3. Conditions in West-Germanic

Since English is a West-Germanic language it seems adequate to examine the conditions of tense and aspect in the languages that English originated from. The Proto-Germanic tense system used indicative and subjunctive forms which both had the potential to differentiate between present and past actions. While tense was indicated by means of inflection, aspect was expressed with the prefix ga-, as Lehmann observes in an analysis of Beowulf[1]. He concludes that verbs carrying the prefix indicate completed action whereas “unprefixed forms (…) express continued action” (ibid.).

Understanding that Proto-Germanic is the common source for all Germanic languages and seeing that none of the literature studied in this matter offered information on an aspectual system in West-Germanic, I conclude that at this stage no progressive forms were used and that, if at all, finite verbal forms used to be either progressive or non-progressive.

4. The Progressive in Old English

In comparison to the analytic nature of Present-Day English, Old English can be described as a more synthetic language. While Present-Day English uses element order and function words to express relationships between lexemes, Old English employed inflectional endings for this purpose (cf. Smith 2009: 76-77). Nevertheless Old English already used constructions quite similar to those in Present-Day English to distinguish perfective and imperfective aspect. According to Smith two constructions were available in Old English:

(1) beon / wesan ‘be’ + present participle (V- ende) and
(2) habban, wesan, weorÞan + past participle.

Both differ in their function to express progressive (1) and perfect aspect (2). While the structure of the example “ic eom singende” (ibid.: 84) is already comparable to its Present-Day English equivalent ‘I am singing’ it has to be considered that it was more common to use the non-progressive form in combination with adverbs that would carry similar information on aspect, e.g. “oft ic singe ‘I sing often’” (ibid.). Construction (2) is said to be much more common and was used to express perfect aspect (cf. ibid.: 84-85). Furthermore the progressive form was not only found in present and past tense but also “in compound-formations with ‘shall’, ‘will’ and ‘may’ with forms of ‘be’” (Lamont 2005).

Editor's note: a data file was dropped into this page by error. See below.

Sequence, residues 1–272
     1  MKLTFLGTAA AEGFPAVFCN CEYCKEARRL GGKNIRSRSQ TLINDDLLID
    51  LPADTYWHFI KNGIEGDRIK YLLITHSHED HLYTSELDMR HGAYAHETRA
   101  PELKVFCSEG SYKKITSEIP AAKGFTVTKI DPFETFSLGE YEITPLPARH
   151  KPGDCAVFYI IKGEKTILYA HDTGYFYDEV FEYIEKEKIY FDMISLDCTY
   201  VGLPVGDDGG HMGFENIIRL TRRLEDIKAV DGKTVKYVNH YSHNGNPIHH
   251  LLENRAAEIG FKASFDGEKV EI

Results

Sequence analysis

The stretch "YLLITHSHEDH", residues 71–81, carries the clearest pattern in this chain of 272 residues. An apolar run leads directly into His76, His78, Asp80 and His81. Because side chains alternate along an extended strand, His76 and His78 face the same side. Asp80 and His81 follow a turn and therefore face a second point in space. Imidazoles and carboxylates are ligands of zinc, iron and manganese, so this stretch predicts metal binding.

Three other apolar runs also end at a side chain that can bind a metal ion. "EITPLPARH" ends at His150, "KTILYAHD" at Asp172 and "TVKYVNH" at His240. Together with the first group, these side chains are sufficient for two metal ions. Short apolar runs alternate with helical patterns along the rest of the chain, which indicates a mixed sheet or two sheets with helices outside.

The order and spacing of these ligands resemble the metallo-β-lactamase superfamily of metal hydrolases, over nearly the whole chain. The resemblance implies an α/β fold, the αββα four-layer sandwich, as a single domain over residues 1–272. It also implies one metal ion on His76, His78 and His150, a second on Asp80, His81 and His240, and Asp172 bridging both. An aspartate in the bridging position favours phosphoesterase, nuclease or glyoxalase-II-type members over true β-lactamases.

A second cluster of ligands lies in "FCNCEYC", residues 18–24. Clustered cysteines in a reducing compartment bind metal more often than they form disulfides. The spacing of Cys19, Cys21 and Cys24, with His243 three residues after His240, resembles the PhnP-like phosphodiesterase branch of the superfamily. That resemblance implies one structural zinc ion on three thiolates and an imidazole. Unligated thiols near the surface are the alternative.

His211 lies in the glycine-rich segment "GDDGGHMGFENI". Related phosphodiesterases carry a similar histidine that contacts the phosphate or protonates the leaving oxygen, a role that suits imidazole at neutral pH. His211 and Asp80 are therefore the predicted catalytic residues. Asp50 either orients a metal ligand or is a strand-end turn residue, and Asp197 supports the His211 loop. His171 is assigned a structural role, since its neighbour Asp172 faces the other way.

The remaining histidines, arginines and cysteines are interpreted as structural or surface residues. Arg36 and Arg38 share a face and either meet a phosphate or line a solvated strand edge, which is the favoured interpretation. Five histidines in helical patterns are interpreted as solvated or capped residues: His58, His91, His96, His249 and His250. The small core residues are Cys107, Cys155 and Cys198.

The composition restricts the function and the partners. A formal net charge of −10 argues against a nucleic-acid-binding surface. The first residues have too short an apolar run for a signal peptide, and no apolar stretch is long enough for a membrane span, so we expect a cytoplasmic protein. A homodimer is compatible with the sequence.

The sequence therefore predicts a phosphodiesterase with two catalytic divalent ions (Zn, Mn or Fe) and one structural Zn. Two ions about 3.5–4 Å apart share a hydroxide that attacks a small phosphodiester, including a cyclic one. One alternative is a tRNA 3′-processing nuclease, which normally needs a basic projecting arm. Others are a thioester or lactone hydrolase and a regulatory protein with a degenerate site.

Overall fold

With reference to other researchers Johan Elsness points out that the durative meaning of the Old English progressive forms was indeed more general than that of Present-Day English.

(3) [Orosius 8.14] of Danai ære ie, seo is irnende of nor dæle

‘from Danai that river which is running (=which runs) from northern-part’

(4) [Orosius 12.35] æt seo ea bi D flowende ofer eal Ægypta land

‘that this river is flowing (=floods) all Egyptians’land’


[1] Since Beowulf is an Old English epic poem its use in a Proto-Germanic context is not all together clear to the author. For a lack of other sources, however, Lehmann’s analysis shall be acknowledged.

Excerpt out of 15 pages


Historical Influences on the Development of the English Progressive Forms
University of Potsdam  (Institut für Anglistik/Amerikanistik)
History of English Morphology
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ISBN (eBook)
ISBN (Book)
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English Progressive Forms, Morphology
Quote paper
Janine Börstler (Author), 2012, Historical Influences on the Development of the English Progressive Forms, Munich, GRIN Verlag, https://www.grin.com/document/208377